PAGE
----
Prison Employee Pleads Guilty in Prison Bribery Case

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Alex Matthews

An employee of the federal prison in Danbury has pleaded guilty to taking part in a scheme to collect bribes, including shoes or designer bags, from inmates in exchange for recommendations that they be released early to halfway houses.

Kisha Perkins, 43, of Waterbury, worked as a case manager at FCI Danbury and was arrested after an undercover investigation, according to the U.S. Attorney's office.

Authorities launched an undercover investigation after receiving information about an alleged scheme to solicit  cash bribes from inmates in exchange for a recommendation that inmates be released early to “halfway houses.”

In February 2014, Perkins agreed to accept a pair of shoes or a Louis Vuitton pocketbook in exchange for counseling a prison employee about the bribe scheme and never reported the bribery scheme to prison officials. The other employee was actually working undercover, according to a news release from the U.S. Attorney's office.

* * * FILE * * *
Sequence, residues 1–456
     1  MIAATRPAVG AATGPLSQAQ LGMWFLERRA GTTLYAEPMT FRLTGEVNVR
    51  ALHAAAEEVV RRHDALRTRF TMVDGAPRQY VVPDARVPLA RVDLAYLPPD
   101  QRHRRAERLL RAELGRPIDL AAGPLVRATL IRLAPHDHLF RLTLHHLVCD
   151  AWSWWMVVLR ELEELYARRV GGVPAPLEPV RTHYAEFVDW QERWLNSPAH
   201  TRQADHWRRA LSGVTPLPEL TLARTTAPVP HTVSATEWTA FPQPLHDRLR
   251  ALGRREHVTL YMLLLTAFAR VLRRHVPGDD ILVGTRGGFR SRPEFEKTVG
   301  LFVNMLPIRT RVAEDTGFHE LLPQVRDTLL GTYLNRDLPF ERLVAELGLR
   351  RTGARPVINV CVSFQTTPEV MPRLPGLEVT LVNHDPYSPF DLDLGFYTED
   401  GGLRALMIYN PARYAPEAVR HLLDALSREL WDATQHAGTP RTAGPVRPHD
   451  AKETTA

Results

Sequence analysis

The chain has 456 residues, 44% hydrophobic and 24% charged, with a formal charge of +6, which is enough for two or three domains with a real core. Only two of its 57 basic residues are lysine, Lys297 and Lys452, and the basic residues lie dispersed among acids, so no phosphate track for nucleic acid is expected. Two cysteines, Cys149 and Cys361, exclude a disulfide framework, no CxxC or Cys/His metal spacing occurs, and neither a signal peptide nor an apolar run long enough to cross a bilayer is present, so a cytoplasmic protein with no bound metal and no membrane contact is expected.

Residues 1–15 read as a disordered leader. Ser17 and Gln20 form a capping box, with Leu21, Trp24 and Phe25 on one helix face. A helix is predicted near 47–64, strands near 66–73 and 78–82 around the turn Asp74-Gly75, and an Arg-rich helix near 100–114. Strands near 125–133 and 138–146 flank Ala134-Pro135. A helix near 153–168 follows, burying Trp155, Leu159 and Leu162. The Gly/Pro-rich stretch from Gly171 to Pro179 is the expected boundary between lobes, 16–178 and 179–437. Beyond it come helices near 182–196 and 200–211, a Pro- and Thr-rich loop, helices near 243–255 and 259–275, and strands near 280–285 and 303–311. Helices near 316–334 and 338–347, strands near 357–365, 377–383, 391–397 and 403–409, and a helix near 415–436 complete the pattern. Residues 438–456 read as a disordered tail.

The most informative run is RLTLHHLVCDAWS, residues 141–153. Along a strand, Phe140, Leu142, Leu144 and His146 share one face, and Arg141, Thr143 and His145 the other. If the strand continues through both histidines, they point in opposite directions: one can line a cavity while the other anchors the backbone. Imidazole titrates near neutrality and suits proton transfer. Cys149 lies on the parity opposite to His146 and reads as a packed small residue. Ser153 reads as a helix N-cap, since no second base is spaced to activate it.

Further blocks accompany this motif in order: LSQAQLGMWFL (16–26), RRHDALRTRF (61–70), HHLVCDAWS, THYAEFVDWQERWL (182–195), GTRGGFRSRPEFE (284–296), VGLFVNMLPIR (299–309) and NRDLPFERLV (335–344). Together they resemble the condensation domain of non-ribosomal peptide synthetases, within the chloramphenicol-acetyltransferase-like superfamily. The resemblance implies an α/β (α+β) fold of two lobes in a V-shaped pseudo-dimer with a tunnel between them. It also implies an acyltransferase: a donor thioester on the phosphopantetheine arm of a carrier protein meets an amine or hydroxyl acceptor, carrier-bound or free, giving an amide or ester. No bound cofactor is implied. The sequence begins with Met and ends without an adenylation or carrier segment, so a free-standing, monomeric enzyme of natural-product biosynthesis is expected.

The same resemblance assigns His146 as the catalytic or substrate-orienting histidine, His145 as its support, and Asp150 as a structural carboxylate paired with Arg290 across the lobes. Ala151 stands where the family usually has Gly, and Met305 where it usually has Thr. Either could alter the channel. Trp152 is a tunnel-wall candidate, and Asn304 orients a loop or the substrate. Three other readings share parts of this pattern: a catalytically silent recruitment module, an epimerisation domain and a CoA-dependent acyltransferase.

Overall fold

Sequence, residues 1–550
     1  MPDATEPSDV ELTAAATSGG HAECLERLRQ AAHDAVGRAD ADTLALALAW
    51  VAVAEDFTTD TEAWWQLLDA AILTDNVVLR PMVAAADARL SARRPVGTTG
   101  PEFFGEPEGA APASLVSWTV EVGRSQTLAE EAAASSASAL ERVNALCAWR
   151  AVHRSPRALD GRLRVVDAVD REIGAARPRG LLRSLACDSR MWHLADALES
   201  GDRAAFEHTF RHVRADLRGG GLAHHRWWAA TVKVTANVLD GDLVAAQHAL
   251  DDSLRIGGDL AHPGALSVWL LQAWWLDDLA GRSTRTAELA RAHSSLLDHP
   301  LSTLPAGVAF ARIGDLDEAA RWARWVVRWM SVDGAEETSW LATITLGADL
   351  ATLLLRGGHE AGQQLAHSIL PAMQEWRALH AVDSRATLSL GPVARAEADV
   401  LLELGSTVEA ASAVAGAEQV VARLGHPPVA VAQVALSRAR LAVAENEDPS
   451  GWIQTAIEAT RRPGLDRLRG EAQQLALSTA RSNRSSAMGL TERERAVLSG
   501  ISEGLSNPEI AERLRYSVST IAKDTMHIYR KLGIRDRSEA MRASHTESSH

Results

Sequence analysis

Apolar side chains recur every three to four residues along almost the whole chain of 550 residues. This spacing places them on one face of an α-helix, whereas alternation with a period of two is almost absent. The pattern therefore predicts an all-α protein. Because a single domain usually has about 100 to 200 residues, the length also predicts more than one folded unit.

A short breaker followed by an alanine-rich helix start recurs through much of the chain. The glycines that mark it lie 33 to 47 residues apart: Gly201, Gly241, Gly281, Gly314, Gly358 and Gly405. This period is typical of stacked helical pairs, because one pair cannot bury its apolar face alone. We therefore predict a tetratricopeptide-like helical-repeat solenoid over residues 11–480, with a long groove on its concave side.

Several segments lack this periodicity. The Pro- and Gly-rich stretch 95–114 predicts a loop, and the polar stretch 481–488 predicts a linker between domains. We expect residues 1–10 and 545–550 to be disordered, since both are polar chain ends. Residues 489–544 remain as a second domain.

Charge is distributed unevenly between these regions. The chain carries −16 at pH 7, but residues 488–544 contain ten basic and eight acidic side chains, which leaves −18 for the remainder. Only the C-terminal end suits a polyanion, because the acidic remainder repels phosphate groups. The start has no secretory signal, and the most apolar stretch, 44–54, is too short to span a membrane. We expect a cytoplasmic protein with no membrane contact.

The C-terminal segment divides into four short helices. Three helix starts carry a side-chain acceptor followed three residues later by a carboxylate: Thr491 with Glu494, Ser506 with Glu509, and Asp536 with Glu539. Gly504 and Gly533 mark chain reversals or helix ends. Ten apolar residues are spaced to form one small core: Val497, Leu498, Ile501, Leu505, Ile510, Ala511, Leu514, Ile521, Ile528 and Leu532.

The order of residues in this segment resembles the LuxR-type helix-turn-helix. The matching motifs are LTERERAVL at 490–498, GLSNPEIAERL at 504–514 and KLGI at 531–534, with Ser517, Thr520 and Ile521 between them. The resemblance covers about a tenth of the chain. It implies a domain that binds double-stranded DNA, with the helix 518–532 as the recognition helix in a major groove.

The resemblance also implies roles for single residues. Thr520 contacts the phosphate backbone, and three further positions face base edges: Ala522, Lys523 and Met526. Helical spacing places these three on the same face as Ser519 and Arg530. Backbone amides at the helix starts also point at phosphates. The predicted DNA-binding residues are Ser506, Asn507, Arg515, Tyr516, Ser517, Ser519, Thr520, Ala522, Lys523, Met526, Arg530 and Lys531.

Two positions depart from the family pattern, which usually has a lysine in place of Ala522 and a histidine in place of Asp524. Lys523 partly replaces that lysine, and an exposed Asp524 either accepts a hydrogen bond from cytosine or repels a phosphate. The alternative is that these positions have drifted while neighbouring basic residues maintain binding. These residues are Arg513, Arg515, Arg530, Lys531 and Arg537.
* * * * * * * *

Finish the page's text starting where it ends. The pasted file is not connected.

“There is no tolerance for corrupt employees within the ranks of the Bureau of Prisons,” U.S. Attorney Deirdre Daly said in a statement.  “Prison officials, like this defendant, will be held accountable in federal court.  I commend the FBI and the Department of Justice’s Office of the Inspector General for their diligence in uncovering this corrosive bribery scheme.  The U.S. Attorney’s Office and our investigative partners are committed to rooting out corruption at all levels of government.”

Perkins was arrested on March 14, 2014, pleaded guilty to one count of acceptance of a bribe by a public official and is scheduled to be sentenced on July 21.

Copyright AP - Associated Press
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